How popular is the baby name Skylab in the United States right now? How popular was it historically? Find out using the graph below! Plus, see baby names similar to Skylab and check out all the blog posts that mention the name Skylab.
In late August, the northern Indian state of Bihar experienced massive flooding. The water reached unprecedented levels in several locations and displaced hundreds of thousands of people.
A handful of the babies born amid the floods were given baby names inspired by the Ganges river:
- Gangesh, a baby boy born in a relief camp. His mother said, “I named him Gangesh as we have been displaced by the river. The name will always remind me that my first child was born in a relief camp.”
- Gangaputra Bhism, a baby boy born aboard a rescue boat. The word putra means “son,” so his full first name means “son of the Ganges.” In Hindu mythology, the character Gangaputra is also known by the name Bhishma.
- Namami Gange, another baby boy born aboard a rescue boat. The word namami refers to bowing or prostration. Namami Gange is also the name of government program launched in 2014 to decrease pollution in the Ganges.
One of the babies born during last year’s flood got the particularly unique acronym-name NDRF, which honors India’s National Disaster Response Force. His last name was Singh, so he immediately reminded me of Skylab Singh.
Sources: ‘Namami Gange’ To ‘NDRF Singh’, Floods Rule Bihar Baby Names, In Flooded Bihar, Baby Born On Boat Is Named ‘Namami Gange’, India Ganges floods ‘break previous records’
P.S. One of the sources of the Ganges is Nanda Devi…
Krosuri Veera Raghava Chary of Andhra Pradesh, India, was both a space-lover and a devoted communist highly opposed to India’s caste system.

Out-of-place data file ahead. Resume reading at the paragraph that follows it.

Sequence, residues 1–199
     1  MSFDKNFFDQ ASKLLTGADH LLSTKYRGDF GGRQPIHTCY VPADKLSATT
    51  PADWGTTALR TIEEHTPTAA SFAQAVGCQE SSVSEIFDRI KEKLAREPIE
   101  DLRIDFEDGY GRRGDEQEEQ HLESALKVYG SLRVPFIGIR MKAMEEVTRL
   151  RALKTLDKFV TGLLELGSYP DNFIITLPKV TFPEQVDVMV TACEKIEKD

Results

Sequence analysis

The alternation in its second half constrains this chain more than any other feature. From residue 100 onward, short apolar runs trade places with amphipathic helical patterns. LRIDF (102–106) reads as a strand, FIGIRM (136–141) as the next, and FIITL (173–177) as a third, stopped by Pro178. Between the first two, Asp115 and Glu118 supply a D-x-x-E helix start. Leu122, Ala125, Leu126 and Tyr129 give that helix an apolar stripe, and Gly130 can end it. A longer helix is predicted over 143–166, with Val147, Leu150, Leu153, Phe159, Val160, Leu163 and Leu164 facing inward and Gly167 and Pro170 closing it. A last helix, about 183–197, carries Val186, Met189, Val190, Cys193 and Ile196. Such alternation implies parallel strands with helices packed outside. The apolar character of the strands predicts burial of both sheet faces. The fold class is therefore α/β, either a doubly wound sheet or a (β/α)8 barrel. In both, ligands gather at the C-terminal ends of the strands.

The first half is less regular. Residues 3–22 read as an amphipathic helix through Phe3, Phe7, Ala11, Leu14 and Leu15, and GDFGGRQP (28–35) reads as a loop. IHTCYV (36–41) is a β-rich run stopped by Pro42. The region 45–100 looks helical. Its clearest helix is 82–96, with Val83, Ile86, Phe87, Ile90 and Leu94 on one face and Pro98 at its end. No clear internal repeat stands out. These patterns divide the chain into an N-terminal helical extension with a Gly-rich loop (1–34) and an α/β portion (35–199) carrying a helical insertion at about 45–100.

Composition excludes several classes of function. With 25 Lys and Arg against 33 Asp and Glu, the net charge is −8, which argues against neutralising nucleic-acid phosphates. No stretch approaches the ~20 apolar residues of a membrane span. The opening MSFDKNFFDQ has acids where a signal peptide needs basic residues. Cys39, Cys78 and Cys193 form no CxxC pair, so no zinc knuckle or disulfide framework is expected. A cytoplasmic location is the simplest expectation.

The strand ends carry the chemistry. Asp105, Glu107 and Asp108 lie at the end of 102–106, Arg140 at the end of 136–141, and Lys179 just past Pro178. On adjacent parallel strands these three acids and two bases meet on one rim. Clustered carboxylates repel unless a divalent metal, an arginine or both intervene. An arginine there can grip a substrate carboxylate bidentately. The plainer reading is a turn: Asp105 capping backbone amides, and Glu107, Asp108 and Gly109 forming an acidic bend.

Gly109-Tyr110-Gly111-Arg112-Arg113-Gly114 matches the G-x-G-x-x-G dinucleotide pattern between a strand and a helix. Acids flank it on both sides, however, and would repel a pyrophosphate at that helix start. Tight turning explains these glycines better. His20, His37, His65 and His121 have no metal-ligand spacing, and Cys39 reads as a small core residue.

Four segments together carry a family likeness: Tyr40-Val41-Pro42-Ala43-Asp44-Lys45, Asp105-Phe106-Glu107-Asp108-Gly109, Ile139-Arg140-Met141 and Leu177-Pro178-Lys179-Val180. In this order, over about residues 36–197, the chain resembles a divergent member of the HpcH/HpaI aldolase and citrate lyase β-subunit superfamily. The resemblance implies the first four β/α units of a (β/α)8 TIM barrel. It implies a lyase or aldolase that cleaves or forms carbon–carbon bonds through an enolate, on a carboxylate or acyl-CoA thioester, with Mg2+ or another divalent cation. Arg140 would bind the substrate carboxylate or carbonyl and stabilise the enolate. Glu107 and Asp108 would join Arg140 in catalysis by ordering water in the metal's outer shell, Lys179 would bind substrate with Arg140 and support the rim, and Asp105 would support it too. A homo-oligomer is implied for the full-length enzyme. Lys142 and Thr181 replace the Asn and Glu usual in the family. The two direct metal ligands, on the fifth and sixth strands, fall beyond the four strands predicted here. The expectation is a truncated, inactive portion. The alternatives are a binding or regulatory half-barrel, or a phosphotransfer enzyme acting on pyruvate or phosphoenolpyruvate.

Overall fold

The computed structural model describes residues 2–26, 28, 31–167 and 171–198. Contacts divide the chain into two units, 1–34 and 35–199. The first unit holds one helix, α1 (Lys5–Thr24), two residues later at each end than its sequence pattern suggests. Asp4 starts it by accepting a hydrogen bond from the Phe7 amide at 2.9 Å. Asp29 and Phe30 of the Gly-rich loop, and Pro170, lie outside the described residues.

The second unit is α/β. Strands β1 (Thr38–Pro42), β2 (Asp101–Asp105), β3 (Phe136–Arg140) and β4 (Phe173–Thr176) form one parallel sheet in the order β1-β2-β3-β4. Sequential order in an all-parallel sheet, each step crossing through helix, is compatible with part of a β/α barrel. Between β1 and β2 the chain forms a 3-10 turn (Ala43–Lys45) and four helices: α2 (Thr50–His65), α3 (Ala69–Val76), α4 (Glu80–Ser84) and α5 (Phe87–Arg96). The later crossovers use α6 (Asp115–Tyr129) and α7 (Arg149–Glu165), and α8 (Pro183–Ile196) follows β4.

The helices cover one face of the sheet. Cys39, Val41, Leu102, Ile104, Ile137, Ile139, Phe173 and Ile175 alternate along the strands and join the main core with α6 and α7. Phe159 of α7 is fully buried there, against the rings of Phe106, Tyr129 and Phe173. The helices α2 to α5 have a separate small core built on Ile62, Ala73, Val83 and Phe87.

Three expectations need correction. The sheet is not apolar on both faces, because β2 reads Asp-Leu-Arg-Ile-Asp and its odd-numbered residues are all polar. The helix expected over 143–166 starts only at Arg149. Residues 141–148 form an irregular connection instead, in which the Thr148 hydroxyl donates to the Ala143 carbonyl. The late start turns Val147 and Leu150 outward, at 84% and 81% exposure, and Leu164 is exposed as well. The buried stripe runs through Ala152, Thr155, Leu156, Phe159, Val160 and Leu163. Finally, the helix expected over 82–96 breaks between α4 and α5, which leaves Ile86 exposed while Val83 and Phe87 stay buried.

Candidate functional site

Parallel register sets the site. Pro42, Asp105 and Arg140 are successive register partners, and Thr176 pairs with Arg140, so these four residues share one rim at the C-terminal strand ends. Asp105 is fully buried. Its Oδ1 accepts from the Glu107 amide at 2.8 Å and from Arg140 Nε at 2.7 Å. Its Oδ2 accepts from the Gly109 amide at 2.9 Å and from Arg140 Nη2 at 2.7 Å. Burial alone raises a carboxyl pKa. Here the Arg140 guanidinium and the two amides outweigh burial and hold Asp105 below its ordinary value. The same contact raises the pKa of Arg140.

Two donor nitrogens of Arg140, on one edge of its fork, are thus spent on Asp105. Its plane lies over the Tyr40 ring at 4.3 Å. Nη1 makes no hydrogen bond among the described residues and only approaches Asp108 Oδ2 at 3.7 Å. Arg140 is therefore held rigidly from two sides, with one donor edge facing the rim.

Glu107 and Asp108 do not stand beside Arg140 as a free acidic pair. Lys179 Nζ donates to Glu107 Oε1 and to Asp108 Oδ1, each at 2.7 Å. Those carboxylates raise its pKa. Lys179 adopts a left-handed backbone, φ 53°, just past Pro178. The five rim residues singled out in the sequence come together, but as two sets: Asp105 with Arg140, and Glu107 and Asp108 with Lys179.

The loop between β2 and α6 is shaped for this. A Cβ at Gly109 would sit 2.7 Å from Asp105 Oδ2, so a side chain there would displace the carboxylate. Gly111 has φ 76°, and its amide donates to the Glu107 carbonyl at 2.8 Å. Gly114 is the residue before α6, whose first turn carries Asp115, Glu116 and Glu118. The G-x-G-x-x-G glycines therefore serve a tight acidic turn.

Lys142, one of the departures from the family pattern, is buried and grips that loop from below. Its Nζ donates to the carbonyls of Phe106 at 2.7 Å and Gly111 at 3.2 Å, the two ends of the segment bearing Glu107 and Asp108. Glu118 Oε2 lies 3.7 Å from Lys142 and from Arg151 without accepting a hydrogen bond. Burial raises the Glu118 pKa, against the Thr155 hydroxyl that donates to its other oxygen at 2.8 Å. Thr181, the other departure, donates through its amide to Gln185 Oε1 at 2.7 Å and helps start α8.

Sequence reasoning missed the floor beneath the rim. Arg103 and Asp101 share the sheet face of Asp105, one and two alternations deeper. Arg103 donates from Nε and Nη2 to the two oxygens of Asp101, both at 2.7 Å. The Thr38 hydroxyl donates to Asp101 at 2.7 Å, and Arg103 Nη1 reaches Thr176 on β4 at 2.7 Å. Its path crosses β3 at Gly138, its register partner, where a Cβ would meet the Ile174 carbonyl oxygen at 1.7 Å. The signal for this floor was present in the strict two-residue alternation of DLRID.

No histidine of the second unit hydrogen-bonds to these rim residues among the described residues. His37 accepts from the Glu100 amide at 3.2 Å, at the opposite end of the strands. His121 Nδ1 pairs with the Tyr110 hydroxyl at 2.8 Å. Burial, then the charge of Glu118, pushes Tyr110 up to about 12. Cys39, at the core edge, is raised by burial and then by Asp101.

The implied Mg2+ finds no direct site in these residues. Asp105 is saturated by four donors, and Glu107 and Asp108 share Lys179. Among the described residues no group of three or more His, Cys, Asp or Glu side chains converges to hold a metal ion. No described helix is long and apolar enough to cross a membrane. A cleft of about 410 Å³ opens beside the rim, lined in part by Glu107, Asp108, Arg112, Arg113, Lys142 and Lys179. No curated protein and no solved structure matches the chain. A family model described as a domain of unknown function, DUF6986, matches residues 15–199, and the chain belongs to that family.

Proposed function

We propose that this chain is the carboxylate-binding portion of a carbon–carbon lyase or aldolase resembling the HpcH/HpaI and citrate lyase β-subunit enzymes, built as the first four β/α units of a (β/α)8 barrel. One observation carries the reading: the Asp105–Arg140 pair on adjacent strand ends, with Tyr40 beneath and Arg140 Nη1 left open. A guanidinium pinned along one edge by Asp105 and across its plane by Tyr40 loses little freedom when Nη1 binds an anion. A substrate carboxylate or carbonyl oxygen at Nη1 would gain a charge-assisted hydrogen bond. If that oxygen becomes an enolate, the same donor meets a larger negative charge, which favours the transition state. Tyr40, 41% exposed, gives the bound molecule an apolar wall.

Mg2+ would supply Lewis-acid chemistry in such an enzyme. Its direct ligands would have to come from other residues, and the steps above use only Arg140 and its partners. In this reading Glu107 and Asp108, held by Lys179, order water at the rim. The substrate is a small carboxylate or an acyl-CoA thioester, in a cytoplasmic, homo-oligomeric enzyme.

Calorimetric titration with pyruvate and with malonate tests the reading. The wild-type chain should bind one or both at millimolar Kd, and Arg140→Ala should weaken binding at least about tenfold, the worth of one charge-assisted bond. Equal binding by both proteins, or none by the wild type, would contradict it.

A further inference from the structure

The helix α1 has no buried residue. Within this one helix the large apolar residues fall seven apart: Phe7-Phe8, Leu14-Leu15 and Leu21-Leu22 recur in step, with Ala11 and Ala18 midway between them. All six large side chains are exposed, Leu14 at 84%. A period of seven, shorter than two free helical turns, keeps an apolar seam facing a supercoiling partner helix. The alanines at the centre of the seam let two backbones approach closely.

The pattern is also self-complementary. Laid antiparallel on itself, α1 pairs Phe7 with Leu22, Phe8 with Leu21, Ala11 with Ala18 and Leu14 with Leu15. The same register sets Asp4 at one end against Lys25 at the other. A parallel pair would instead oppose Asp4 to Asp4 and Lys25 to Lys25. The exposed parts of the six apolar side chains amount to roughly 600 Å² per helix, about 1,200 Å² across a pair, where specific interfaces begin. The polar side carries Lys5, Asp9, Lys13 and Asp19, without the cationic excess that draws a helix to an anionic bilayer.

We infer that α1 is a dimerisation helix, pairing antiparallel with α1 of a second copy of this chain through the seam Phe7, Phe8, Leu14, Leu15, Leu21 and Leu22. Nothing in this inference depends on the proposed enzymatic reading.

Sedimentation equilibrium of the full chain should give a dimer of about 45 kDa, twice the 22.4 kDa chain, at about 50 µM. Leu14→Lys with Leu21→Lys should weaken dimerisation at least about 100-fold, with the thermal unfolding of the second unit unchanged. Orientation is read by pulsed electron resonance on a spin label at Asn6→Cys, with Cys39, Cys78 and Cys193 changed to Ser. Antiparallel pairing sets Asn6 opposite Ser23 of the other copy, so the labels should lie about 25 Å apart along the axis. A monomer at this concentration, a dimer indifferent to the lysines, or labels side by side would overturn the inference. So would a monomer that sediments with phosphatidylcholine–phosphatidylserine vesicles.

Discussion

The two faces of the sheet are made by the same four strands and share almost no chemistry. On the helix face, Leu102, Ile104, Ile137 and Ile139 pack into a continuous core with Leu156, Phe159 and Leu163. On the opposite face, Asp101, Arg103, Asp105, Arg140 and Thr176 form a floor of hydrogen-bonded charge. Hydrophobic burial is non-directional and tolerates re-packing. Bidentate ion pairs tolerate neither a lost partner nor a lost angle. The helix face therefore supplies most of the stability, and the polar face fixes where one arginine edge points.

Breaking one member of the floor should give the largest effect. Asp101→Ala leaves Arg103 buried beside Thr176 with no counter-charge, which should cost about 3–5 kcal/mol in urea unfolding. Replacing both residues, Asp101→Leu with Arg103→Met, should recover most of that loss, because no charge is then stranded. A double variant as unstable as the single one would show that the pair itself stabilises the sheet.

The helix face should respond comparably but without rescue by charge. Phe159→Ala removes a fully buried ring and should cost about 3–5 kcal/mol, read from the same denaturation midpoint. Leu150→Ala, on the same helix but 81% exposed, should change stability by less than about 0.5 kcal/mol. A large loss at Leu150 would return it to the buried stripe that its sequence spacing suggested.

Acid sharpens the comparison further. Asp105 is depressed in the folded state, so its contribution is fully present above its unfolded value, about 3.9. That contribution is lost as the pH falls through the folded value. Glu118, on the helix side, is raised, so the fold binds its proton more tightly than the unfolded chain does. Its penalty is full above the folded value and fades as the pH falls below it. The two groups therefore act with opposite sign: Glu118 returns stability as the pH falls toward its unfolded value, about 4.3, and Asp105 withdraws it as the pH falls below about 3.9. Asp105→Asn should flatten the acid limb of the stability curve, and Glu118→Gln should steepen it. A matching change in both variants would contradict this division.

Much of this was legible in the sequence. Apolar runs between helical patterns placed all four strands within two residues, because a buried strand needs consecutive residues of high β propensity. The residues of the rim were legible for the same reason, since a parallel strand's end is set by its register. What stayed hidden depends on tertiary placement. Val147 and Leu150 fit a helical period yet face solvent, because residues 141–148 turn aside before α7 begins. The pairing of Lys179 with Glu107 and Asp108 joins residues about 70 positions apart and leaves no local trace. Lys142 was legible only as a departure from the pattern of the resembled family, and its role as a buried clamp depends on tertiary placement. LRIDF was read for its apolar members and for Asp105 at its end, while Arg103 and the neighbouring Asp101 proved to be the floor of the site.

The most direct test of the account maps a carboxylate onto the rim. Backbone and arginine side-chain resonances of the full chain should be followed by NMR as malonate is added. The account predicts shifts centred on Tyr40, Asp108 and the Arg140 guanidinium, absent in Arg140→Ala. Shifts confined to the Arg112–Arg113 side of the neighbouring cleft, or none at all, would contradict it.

So he gave all five of his children, born from the 1960s to the 1980s, space-themed names that were so unconventional that they made it impossible to determine the family’s caste.
Here they are, in order:
- Spaceship (boy), named after the USSR’s first Soyuz spacecraft, launched in 1966.
- Viking-II (girl), named after the NASA spacecraft Viking 2, launched in 1975.
- Fusion (boy), whose name may have been inspired by the fact that “stars are powered by nuclear fusion in their cores.”
- Space Shuttle (boy), named after NASA’s Space Shuttle system, which began with test flights in 1981.
- Space Shuttle later named one of his children, a boy, Space Shuttle Bulldozer.
- Space Shuttle Challenger (boy), named after NASA’s ill-fated Space Shuttle Challenger, launched in 1986.
Chary also named two of his grandchildren, Quasar and Sagan.
The Chary family reminds me of the Subatomic Particle Siblings. Its also reminds me of the folks named Skylab, Sputnik and Antares.
Related question: What do you think the first space baby should be named?